Coincident with the decline in SMRs, declines were observed in total hospital LOS (13.0, 12.4, 11.6, and 11.1 days in years 1, 2, 3, and 4, respectively; p < 0.001) and ICU LOS (4.0, 3.9, 3.8, and 3.8 days in years 1 to 4, respectively; p < 0.001), while the proportion of patients discharged to skilled nursing rehabilitation facilities and nursing homes increased (9.5%, 11.2%, 12.3%, and 15.8%, in years 1 to 4, respectively; p < 0.001). Further analysis indicated that patients discharged to these facilities had higher admission severity of illness than patients discharged to home, as measured by mean APACHE III scores (57.3 vs 38.9; p < 0.001) and predicted risk of death (15.9% vs 5.7%; p < 0.001), suggesting that such patients may have been more likely to die after discharge than patients who were discharged to home.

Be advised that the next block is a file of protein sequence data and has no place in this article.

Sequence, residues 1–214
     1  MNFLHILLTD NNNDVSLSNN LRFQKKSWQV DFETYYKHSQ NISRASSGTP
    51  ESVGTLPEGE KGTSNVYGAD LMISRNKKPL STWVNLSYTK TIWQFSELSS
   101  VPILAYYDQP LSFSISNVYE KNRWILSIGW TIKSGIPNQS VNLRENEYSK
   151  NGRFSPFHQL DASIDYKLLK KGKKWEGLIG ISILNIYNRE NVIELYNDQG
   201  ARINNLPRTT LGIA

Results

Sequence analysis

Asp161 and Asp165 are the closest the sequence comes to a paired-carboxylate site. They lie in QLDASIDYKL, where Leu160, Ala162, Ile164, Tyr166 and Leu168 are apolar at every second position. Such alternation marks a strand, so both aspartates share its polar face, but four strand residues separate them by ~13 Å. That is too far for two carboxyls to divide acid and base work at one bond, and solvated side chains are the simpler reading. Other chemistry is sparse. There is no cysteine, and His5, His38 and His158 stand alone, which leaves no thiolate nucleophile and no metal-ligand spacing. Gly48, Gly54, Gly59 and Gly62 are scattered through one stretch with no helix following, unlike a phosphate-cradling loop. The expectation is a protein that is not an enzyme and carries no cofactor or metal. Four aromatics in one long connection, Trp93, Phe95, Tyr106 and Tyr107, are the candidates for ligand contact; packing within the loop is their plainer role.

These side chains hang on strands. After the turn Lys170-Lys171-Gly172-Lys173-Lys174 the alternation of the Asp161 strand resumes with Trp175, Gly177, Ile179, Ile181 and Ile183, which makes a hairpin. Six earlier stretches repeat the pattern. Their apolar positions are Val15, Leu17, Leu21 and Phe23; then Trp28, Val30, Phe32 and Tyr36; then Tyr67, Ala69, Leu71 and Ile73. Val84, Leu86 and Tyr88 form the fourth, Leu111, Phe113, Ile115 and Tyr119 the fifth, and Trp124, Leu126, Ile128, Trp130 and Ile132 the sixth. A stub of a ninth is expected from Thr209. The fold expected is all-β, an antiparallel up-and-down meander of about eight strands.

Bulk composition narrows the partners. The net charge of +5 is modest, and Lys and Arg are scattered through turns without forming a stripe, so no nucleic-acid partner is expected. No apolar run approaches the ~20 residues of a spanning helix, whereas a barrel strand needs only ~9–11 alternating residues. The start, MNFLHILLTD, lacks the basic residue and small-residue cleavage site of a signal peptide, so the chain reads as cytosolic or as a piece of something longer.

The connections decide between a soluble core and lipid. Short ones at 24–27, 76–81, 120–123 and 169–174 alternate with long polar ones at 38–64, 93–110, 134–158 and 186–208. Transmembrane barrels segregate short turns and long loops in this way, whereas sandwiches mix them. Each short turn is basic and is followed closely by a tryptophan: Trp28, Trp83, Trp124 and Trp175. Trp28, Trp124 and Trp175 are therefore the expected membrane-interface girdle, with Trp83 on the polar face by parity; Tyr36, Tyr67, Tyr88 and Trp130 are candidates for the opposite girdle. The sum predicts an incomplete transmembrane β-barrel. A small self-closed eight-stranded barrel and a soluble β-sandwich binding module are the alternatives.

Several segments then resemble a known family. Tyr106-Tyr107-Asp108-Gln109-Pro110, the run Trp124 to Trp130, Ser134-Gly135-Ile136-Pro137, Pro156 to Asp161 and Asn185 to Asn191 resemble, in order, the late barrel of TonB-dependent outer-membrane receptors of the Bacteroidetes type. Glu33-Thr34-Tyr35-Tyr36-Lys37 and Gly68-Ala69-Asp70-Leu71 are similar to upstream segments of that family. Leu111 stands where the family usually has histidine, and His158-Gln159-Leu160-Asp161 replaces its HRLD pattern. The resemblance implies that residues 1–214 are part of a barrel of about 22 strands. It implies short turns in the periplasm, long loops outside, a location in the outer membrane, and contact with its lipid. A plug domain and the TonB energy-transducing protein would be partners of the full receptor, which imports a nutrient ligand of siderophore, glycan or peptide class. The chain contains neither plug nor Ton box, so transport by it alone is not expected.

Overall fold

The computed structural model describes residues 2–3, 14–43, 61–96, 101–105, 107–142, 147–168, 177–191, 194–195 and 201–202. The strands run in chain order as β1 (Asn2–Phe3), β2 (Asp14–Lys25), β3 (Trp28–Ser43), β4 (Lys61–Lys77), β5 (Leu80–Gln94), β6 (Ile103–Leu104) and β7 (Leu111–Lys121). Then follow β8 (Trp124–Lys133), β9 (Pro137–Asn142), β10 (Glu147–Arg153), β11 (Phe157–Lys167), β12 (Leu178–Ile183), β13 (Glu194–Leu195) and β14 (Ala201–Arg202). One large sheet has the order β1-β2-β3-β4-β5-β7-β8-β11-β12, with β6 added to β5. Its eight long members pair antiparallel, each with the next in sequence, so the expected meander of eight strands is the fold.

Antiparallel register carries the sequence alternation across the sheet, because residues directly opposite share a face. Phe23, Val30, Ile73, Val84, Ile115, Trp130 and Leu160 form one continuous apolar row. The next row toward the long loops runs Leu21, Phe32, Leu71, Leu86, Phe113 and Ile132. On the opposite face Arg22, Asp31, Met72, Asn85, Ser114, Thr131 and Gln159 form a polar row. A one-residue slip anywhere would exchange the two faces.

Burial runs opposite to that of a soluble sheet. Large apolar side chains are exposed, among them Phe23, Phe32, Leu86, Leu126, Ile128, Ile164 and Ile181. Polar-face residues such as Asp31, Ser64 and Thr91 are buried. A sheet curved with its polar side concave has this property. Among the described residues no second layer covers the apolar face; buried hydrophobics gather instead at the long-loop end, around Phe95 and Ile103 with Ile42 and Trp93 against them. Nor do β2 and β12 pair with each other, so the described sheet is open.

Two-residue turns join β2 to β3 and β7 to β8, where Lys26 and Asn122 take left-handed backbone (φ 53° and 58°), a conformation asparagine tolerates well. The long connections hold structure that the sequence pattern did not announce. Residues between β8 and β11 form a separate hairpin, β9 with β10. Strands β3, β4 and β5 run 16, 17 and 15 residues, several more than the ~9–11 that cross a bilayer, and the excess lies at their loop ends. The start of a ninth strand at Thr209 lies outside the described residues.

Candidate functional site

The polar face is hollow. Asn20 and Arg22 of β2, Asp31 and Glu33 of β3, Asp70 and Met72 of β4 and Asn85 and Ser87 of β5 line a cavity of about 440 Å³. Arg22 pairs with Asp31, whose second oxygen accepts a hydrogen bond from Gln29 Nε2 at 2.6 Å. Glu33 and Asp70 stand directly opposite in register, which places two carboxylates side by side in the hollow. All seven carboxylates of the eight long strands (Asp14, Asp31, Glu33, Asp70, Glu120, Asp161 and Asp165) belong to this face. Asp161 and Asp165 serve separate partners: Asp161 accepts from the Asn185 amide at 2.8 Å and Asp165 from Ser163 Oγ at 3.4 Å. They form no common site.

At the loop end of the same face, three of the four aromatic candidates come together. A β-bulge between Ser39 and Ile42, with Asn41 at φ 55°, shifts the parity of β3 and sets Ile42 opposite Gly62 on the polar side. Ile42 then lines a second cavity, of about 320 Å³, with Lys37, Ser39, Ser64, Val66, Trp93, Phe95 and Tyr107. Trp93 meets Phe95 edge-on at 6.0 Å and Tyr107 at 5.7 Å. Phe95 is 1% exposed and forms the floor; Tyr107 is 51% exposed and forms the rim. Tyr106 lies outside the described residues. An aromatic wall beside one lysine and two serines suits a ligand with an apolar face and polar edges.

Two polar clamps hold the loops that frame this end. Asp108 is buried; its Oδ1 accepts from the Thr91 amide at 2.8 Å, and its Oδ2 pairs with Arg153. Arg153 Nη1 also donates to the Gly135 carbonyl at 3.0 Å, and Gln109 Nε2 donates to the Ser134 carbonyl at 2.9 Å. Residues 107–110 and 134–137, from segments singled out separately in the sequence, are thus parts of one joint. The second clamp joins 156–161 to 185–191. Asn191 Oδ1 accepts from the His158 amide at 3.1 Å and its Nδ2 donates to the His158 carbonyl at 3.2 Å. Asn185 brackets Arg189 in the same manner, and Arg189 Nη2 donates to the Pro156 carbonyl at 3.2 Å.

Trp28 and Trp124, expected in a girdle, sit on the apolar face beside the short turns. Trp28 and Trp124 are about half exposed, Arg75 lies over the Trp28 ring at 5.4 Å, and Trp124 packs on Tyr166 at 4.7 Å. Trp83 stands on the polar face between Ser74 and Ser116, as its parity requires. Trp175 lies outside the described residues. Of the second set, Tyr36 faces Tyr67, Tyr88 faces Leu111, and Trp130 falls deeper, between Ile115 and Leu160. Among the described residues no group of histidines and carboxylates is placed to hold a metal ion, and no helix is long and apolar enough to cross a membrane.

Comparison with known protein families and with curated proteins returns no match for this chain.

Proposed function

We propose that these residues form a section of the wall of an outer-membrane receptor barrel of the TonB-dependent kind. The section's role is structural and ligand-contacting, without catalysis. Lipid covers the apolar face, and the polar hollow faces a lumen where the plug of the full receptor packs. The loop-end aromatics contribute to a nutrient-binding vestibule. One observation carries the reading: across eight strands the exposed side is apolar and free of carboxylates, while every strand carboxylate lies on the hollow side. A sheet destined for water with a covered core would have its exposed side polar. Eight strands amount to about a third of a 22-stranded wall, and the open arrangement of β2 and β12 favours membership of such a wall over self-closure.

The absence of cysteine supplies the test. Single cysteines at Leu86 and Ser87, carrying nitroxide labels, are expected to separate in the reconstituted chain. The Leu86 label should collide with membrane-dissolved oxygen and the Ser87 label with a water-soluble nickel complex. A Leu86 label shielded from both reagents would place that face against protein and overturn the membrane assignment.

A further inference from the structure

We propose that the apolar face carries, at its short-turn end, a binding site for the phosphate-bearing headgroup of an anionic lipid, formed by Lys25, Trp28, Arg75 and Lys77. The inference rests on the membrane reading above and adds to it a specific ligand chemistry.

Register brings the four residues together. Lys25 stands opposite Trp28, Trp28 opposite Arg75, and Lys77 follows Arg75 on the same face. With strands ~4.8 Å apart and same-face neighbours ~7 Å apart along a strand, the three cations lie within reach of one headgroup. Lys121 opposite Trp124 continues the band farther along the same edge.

To examine the potential impact of these changes in discharge triage on mortality performance, a further multivariable model was developed using 102,148 patients that excluded the 14,192 patients discharged to skilled nursing rehabilitation facilities and nursing homes. The ROC curve area of this model was 0.925, and the Hosmer-Lemeshow statistic was not significant (x2 = 9.2, 8 df, p = 0.33). The aggregate in-hospital mortality for this population was 12.9% review inhalers for asthma. Applying risk predictions from this model, overall SMRs remained relatively stable over the 4 years of data collection (1.02, 1.01, 0.98, and 1.00 in years 1, 2, 3, and 4), suggesting that the decline in standardized mortality may have reflected changes in hospital discharge practices. However, variability in hospital SMRs did not decline. For example, hospital SMRs ranged from 0.80 to 1.25; eight hospitals had SMRs that were lower (p < 0.01) than 1.0, and three hospitals had SMRs that were greater (p < 0.01) than 1.0. Moreover, the difference in mean SMRs between major teaching and other hospitals remained (mean SMRs 0.94 ± 0.06 vs 1.06 ± 0.13, respectively; p = .04).